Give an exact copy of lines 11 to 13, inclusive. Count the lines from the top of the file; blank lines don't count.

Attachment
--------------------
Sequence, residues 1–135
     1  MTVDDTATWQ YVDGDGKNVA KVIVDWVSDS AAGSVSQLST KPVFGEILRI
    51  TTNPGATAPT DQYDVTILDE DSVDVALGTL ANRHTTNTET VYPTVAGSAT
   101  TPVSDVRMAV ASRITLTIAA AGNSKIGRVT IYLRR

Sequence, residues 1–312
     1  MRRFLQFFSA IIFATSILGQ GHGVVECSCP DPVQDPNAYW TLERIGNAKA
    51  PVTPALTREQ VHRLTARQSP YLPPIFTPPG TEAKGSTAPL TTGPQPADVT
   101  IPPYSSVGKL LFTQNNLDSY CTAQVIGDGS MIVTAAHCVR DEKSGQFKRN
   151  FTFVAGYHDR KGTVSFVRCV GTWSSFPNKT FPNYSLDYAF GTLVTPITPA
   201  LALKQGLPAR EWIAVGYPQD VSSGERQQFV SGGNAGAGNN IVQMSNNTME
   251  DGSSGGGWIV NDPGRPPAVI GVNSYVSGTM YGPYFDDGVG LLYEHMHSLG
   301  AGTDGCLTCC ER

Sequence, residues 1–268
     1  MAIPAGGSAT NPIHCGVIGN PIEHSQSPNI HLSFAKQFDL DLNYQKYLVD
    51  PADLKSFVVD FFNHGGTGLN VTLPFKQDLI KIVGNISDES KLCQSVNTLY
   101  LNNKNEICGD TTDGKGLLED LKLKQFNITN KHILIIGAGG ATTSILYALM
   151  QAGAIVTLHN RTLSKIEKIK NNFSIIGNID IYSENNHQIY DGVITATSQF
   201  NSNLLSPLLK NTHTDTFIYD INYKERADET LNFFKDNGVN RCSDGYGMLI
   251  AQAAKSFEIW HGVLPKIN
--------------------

   251  DGSSGGGWIV NDPGRPPAVI GVNSYVSGTM YGPYFDDGVG LLYEHMHSLG
   301  AGTDGCLTCC ER

Sequence, residues 1–268